Pale, 26 November 1997 (RFE/RL) -- A chief aide to indicted Bosnian war crimes suspect Radovan Karadzic says his party's strong standing in weekend elections is only a relative victory. Momcilo Krajisnik, who is also the Serb member of Bosnia's Tripartite presidency, said today it appears that no single political party will be able to govern without a coalition partner.
Krajisnik made the statement based on partial, unofficial results released by the Bosnian Serb election commission in Pale -- the headquarters of Karadzic's allies.
Karadzic's chief rival, Bosnian President Biljana Plavsic, is disputing Pale's unofficial results. She said the commission has no right to announce an election tally, and that Pale's vote count should not be taken seriously.
Any final result in the elections must be certified by the Organization for Security and Cooperation in Europe (OSCE), which monitored the elections.
Between 150,000 and 300,000 votes were cast abroad by Muslim refugees and have not yet been tallied. Correspondents say those votes could tilt the balance of the elections away from Bosnia Serb hardliners in Pale.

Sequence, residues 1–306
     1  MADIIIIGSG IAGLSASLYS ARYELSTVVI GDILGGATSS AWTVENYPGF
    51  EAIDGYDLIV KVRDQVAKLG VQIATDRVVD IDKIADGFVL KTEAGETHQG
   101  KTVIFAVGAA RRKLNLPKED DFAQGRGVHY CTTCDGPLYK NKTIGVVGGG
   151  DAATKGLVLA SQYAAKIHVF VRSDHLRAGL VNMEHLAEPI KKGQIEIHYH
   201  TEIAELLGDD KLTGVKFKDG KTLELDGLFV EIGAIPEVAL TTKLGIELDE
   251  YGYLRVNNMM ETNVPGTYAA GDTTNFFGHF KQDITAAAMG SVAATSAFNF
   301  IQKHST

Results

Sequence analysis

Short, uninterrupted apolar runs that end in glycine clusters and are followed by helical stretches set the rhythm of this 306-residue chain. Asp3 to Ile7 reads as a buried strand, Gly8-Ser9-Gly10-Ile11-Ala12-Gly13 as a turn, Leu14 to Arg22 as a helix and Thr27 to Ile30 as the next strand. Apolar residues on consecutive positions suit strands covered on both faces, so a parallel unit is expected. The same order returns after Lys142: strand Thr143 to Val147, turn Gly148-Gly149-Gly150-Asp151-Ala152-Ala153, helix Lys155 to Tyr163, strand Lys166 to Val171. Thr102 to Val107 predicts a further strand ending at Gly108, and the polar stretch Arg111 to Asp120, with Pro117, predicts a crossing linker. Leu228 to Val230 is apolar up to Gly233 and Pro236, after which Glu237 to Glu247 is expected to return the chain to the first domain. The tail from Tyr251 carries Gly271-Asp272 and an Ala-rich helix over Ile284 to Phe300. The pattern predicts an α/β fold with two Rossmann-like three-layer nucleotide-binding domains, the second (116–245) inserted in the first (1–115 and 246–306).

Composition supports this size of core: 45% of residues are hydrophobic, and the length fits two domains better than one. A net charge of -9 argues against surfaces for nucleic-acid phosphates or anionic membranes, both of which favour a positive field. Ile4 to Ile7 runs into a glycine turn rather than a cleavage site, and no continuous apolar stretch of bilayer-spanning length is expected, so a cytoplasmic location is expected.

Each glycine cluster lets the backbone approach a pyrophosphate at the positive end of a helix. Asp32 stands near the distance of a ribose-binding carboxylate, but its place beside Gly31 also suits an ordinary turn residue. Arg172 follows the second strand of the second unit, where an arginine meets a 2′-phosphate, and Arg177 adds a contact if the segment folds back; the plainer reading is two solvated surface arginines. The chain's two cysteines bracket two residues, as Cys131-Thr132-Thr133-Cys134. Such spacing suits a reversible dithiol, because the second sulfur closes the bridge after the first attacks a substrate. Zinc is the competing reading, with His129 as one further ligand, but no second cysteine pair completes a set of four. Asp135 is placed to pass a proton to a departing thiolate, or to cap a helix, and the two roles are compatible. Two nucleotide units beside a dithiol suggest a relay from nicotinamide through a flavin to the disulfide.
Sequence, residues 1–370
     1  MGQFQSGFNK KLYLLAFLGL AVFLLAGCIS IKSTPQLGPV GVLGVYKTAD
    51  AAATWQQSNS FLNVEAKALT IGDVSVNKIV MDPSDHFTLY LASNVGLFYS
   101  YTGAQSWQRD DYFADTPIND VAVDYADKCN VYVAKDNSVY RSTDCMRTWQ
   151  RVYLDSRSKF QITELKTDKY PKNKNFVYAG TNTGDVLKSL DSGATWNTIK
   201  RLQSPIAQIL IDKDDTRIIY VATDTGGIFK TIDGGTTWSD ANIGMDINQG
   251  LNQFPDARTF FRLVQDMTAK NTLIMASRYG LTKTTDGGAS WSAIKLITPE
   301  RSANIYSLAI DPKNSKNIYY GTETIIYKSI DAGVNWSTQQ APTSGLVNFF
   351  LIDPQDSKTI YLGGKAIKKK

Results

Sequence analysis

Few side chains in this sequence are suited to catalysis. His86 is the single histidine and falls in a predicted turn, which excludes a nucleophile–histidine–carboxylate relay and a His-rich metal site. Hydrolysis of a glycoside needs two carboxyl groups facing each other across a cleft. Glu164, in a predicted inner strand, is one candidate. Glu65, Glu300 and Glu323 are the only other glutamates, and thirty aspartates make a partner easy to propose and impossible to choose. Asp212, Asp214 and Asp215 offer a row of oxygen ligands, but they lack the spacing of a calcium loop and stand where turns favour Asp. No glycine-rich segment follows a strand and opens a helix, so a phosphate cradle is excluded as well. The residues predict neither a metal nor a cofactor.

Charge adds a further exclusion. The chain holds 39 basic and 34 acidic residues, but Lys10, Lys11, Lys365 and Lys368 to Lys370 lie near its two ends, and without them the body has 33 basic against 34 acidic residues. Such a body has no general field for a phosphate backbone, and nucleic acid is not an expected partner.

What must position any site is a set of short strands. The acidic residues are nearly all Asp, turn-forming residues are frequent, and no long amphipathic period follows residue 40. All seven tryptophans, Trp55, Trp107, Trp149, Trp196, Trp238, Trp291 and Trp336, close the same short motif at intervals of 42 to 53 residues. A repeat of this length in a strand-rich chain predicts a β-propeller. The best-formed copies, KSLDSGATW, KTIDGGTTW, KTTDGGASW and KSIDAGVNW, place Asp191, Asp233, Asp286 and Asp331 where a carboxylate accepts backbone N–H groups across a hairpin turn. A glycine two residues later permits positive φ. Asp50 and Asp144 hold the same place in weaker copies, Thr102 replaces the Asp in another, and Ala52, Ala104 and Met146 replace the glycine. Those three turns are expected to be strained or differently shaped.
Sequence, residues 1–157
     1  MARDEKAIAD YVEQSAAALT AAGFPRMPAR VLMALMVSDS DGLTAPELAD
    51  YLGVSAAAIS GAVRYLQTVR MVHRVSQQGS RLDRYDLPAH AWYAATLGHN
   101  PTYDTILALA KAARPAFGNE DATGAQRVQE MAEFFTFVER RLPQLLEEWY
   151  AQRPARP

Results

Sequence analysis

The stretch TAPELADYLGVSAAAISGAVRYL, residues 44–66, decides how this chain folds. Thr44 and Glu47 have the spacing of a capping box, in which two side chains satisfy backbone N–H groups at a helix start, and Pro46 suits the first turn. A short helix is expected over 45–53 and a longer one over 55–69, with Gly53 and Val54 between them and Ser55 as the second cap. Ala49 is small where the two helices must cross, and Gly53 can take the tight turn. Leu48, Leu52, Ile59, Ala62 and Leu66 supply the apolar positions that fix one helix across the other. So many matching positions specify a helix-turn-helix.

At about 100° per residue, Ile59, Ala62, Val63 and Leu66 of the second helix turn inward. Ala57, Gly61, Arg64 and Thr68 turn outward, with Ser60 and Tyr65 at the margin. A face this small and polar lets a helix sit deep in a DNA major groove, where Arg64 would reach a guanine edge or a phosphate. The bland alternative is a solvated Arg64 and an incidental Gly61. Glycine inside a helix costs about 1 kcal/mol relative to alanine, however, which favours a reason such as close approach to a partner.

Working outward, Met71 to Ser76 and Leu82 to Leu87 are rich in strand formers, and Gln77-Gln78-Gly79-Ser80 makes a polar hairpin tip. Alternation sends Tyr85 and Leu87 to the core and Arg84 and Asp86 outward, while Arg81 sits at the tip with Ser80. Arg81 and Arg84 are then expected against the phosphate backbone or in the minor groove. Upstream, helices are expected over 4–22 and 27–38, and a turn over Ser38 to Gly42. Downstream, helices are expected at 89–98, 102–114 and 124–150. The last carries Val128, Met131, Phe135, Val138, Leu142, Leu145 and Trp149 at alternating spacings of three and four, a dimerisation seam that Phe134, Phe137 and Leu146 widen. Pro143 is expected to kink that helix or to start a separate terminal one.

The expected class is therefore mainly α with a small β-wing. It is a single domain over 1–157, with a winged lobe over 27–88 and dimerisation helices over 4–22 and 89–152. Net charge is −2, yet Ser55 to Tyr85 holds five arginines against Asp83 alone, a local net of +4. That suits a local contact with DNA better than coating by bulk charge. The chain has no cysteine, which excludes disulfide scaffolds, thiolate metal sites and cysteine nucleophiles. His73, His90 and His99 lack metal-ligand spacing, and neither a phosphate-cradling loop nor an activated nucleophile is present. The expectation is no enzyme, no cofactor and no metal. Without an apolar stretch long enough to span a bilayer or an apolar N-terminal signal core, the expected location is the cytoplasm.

Meanwhile in Copenhagen, the chairman of the OSCE said the weekend elections failed to meet democratic norms.
Niels Helveg Petersen -- who is also Denmark's foreign minister -- said voting for a new Bosnian Serb parliament "fell far short of normal democratic standards." But he said the elections had been "technically sound."
Petersen said official results of the poll will not be known before December 10. But he said the OSCE expects the moderate Serb National Alliance of Bosnian Serb President Plavsic to win enough votes to prevent the hardline Serb Democratic Party from having an absolute majority in parliament.
His comments came as Bosnian Serb radio and television cited election officials in the entity as reporting partial, unofficial results showing hardline nationalists in the lead.
Meanwhile in London, the international community's High Representative in Bosnia says he believes international troops will be needed there for two to three more years.
In an interview today in the "Financial Times" newspaper, Carlos Westendorp says that if the troops leave now, the killings and the ethnic cleansing will return.
The mandate of the NATO-led Stabilisation Force (SFOR) is due to run out at the end of June. U.S. President Bill Clinton and members of Congress have so far failed to agree on whether to maintain the U.S. presence. Other contributor nations say they will not participate if Washington withdraws.
Westendorp said it might not be necessary to retain all 30,000 SFOR troops for three years. He said the international police task force, election supervisors and refugee workers in Bosnia will all need SFOR protection at least for the next year.